Dell Ends Software Maintenance With Iran Bank

How Dell discovered and ended a small Quest Software maintenance contract with an Iranian bank.

The VAR Guy

March 22, 2013

4 Min Read
Dell Ends Software Maintenance With Iran Bank

Dell's (NASDAQ: DELL) recent buyout of Quest Software reveals just how tricky it is to manage mergers, acquisitions and international sales these days. A case in point: Dell discovered that Quest Software had  supplied software maintenance to Melli Bank PLC — a wholly-owned subsidiary of Bank Melli in Iran. The maintenance occurred before Dell's buyout of Quest. In a March 15 letter to the SEC, Dell disclosed Quest's small but potentially worrisome banking engagement — which Dell has since ended. Here are the details.

Dell's letter to the SEC disclosed that the company's Form 10-K contained information about the business transaction. Jump into the 10-K filing and you'll find this information:

"Iran Sanctions

Section 219 of the Iran Threat Reduction and Syria Human Rights Act of 2012 added Section 13(r) to the Securities Exchange Act of 1934. Section 13(r) requires an issuer to disclose in its annual or quarterly reports filed with the SEC whether the issuer or any of its affiliates has knowingly engaged in certain activities, transactions or dealings relating to Iran or with designated natural persons or entities involved in terrorism or the proliferation of weapons of mass destruction.

We are disclosing the following information pursuant to Section 13(r) concerning activity by a UK affiliate of Quest Software, Inc. (“Quest Software”), which Dell acquired on September 27, 2012. The disclosure is regarding a maintenance services software renewal transaction with Melli Bank PLC valued at 106.13 British pounds (approximately $169.90 at the exchange rate for U.S. dollars on the renewal date) and marketing activity.

Quest Software specializes in business software. On September 10, 2012, prior to our acquisition of Quest Software, Quest Software (UK) Ltd., then a UK subsidiary of Quest Software, renewed two software maintenance licenses with Melli Bank PLC. The first license, for Quest Recovery Manager for Exchange software, had been in effect for seven years before the renewal, while the second license, for Spotlight on Messaging software, had been in effect for four years before the renewal. Recovery Manager for Exchange software enables users to search and retrieve message-level data and compare contents between different mailboxes. Spotlight on Messaging is a business software program that helps manage messaging and real-time communications and provides troubleshooting solutions. Marketing activity also occurred prior to and after the acquisition with respect to Quest customers generally, including Melli Bank PLC, but no transactions were concluded other than the license renewal transaction.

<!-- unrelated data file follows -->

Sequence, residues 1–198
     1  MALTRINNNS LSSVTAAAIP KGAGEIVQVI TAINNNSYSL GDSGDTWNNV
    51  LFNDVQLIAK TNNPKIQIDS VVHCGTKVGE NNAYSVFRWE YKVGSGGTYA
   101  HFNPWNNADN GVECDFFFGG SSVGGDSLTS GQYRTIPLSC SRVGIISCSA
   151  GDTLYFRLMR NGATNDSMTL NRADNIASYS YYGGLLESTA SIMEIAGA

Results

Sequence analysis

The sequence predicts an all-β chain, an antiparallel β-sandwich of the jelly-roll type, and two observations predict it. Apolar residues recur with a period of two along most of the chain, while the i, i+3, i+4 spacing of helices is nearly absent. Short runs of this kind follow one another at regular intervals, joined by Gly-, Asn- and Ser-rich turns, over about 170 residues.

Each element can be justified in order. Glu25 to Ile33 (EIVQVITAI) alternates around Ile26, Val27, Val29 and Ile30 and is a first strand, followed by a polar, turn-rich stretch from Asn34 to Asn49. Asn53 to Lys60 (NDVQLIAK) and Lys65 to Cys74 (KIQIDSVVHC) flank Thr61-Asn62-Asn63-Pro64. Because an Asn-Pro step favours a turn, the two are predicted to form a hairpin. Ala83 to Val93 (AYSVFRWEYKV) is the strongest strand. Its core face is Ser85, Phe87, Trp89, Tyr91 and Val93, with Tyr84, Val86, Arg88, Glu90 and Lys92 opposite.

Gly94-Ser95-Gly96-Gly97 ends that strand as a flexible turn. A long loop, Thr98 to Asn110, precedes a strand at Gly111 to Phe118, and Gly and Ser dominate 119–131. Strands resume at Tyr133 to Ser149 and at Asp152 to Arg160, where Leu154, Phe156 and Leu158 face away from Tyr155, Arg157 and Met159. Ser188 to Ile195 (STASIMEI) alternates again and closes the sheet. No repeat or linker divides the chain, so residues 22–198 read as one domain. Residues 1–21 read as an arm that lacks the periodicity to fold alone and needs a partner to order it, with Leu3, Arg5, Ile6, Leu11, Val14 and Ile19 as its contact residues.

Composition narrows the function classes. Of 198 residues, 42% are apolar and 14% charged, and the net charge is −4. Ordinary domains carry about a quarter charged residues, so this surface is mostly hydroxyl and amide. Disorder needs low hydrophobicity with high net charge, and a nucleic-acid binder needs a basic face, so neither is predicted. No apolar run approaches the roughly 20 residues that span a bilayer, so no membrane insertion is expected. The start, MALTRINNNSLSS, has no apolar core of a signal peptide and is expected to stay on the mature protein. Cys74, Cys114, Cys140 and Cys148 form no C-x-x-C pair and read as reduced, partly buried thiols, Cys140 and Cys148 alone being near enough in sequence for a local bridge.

Melli Bank PLC is a wholly-owned subsidiary of Bank Melli in Iran. Melli Bank PLC is headquartered in London and is listed by the Treasury Department's Office of Foreign Assets Control as a Specially Designated National.

The profit on the license renewal transaction was no more than the annual renewal transaction value indicated above. Following our acquisition of Quest Software and our discovery of the renewal transaction, we terminated all software maintenance activity under the licenses. We will not engage in future activity under the licenses."

Assuming the decimal is in the right place, we're talking about an extremely small business transaction: US$169.90. But any dollar amount flowing to a technology company from a bank with ties to Iran could have raised some serious red flags.

The big question for Dell: What type of e-discovery software did you use to successfully uncover the potentially worrisome business transaction?

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